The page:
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Personal and Social Responsibility

Students and campus professionals agree on goals such as social responsibility and striving for excellence, but don't believe their institutions do enough to promote those values.

More than 50 percent of the respondents to a survey intended to gauge whether personal and social responsibility were important values on the nation’s college campuses said they “strongly agree” that they were.

Five elements of responsibility—personal and academic integrity, striving for excellence, contributing to the community, respecting the perspectives of others, and learning ethical and moral reasoning—should be a major focus at their institutions, said the respondents, who included students, faculty and academic professionals.

When “strongly agree” and “agree somewhat” responses are combined, there is an overwhelming consensus (over 90 percent) that these dimensions should be a major focus of a college education. Cultivating personal and academic integrity received the most support, with 70 percent of students and 90 percent of campus professionals indicating that they “strongly agree” that it should be an important institutional focus.

The Personal and Social Responsibility Institutional Inventory (PSRII) was conducted in fall 2007 by the Center for the Study of Higher and Postsecondary Education at the University of Michigan, on behalf of the American Association of Colleges and Universities’ initiative, “Core Commitments: Educating Students for Personal and Social Responsibility.”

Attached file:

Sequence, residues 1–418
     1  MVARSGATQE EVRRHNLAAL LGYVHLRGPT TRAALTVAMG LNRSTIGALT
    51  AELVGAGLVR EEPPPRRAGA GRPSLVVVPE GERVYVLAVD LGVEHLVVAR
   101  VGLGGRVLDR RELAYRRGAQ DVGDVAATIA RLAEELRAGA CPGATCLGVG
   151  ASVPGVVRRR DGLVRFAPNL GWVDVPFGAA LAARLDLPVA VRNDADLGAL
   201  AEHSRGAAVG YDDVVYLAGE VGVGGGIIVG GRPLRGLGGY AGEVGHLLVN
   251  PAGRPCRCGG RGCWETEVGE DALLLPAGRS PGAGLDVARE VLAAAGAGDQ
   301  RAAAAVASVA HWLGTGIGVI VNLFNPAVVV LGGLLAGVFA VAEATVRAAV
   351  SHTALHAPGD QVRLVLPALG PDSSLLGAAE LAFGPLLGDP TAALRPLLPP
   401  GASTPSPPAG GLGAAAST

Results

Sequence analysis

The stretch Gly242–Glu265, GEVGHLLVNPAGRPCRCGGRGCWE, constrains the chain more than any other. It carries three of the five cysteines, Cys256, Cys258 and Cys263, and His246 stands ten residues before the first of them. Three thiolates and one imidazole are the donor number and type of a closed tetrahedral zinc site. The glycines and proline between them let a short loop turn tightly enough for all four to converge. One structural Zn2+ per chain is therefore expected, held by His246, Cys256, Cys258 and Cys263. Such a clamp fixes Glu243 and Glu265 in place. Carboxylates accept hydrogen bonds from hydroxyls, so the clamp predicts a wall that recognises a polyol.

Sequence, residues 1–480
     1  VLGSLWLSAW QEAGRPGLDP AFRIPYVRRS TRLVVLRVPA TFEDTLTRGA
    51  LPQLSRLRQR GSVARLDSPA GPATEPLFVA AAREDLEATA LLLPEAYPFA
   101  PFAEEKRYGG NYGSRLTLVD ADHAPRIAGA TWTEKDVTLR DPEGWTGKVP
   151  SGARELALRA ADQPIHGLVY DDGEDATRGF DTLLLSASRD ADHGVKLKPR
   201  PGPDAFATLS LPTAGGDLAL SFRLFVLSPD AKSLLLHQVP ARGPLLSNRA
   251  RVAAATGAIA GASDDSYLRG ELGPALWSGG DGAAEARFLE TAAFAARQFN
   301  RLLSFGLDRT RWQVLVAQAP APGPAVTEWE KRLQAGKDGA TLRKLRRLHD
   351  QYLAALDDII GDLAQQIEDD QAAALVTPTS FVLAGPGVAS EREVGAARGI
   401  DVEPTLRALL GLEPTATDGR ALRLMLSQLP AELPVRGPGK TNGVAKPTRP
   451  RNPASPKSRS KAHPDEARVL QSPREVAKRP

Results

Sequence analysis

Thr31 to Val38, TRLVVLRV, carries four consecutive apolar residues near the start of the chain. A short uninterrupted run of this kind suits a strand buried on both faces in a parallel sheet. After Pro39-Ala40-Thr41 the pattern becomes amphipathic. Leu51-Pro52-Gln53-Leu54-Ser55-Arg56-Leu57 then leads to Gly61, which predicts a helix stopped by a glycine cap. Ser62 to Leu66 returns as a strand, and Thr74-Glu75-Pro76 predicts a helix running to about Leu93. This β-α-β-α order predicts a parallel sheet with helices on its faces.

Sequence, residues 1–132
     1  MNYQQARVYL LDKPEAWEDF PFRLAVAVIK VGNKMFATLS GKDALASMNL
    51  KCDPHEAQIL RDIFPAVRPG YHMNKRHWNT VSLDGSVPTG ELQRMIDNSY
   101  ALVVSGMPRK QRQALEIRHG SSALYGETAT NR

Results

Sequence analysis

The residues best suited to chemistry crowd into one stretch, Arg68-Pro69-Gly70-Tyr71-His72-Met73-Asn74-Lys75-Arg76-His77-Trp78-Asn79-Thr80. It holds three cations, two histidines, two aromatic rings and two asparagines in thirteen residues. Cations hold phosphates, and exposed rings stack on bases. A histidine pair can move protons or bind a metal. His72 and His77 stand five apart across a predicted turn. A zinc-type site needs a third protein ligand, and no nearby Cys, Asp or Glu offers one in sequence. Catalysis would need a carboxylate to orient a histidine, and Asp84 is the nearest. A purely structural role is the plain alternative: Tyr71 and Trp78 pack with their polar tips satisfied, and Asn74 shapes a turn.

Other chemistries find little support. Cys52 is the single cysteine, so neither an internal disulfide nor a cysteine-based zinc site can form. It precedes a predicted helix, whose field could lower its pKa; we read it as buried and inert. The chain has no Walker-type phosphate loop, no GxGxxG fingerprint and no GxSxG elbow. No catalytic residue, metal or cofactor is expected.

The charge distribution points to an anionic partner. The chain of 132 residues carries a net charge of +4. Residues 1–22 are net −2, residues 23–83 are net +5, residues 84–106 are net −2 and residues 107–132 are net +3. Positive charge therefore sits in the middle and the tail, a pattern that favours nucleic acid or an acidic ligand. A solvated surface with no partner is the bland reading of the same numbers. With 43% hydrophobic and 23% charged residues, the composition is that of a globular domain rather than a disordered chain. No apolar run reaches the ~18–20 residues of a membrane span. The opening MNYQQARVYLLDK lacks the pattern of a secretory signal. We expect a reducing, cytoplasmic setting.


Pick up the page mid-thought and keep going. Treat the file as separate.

Despite the strong agreement about the value of focusing on personal and social responsibility, the AAC&U reported, the PSRII respondents questioned whether their campuses actually focus enough on these issues. For example, only four out of 10 students and three out of 10 campus professionals “strongly agreed” that “striving for excellence” was a major focus on their campus. Only 33.6 percent of students and 42.7 percent of professionals “strongly agreed” that students leave college having increased their “awareness of the importance of contributing to the greater good.”

“This survey demonstrates clearly that we have much work to do to turn these aspirations into achievements for many more students,” noted AAC&U president Carol Geary Schneider. “It also shows, however, that students and campus professionals alike want more attention paid to these issues.”

Lee Knefelkamp, co-author of the PSRII, also of AAC&U, said participating institutions “are already working hard on these issues, but know that they should be doing better.”

From The Lectern

[E]ducation is the making of the future. Its role in a democratic society is that of critic and leader as well as servant; its task is not merely to meet the demands of the present but to alter those demands if necessary, so as to keep them always suited to democratic ideals. Perhaps its most important role is to serve as an instrument of social transition and its responsibilities are defined in terms of the kind of civilization society hopes to build.

—from the 1947 report by the Truman Commission on Higher Education.

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